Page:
OBJECTIVE:To characterize long-term mortality following intracerebral hemorrhage (ICH) in two large population-based cohorts assembled more than a decade apart. METHODS:All patients age > or = 18 hospitalized with nontraumatic ICH in the Greater Cincinnati/Northern Kentucky area were identified during 1988 (Cohort 1) and from May 1998 to July 2001 and August 2002 to April 2003 (Cohort 2). Mortality was tabulated using actuarial methods and compared with a log-rank test. RESULTS:There were 183 patients with ICH in Cohort 1 and 1,041 patients in Cohort 2. Patients in Cohort 1 were more likely to be white (p = 0.024) and undergo operation for their ICH (p = 0.002), whereas patients in Cohort 2 were more commonly on anticoagulants (p < 0.001). Among patients in Cohort 1, mortality at 7 days, 1 year, and 10 years was 31, 59, and 82%. Among patients in Cohort 2, mortality at 7 days and 1 year was 34 and 53%. Mortality rates did not differ between cohorts by log-rank test (p = 0.259). CONCLUSIONS:Intracerebral hemorrhage (ICH) mortality did not improve significantly between study periods. Operation for ICH became less frequent, whereas anticoagulant-associated ICH became more common.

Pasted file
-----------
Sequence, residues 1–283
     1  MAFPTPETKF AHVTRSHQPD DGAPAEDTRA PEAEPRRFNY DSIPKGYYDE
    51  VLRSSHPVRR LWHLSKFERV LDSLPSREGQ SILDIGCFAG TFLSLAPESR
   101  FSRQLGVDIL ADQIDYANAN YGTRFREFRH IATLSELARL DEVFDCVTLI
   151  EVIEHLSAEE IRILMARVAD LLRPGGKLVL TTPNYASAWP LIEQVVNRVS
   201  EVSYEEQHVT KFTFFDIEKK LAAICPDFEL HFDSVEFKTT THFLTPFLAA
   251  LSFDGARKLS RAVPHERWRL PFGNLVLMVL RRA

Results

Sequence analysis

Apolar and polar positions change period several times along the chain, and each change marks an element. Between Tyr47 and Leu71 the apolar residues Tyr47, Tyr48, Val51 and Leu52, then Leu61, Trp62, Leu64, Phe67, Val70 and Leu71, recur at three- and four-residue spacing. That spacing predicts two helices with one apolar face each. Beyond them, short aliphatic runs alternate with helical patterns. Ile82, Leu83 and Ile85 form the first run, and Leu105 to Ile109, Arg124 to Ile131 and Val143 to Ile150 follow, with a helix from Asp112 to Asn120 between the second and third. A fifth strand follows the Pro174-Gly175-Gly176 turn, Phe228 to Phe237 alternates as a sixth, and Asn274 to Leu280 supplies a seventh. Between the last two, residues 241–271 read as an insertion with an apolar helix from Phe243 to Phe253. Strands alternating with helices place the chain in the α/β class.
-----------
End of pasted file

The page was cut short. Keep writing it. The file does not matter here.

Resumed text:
Management of Intracerebral Hemorrhage: JACC Focus Seminar.
Schrag Matthew,Kirshner Howard
Journal of the American College of Cardiology
Intracerebral hemorrhage (ICH) accounts for a disproportionate amount of stroke-related morbidity and mortality. Although chronic hypertension and cerebral amyloid angiopathy are the underlying cerebral vasculopathies accounting for the majority of ICH, there are a broad range of potential causes, and effective management requires accurate identification and treatment of the underlying mechanism of hemorrhage. Magnetic resonance imaging and vascular imaging techniques play a critical role in identifying disease mechanisms. Modern treatment of ICH focuses on rapid stabilization, often requiring urgent treatment of mass effect, aggressive blood pressure reduction and correction of contributing coagulopathies to achieve hemostasis. We discuss management of patients with ICH who continue to require long-term anticoagulation, the interaction of ICH with neurodegenerative diseases, and our approach to prognostication after ICH. We close this review with a discussion of novel medical and surgical approaches to ICH treatment that are being tested in clinical trials.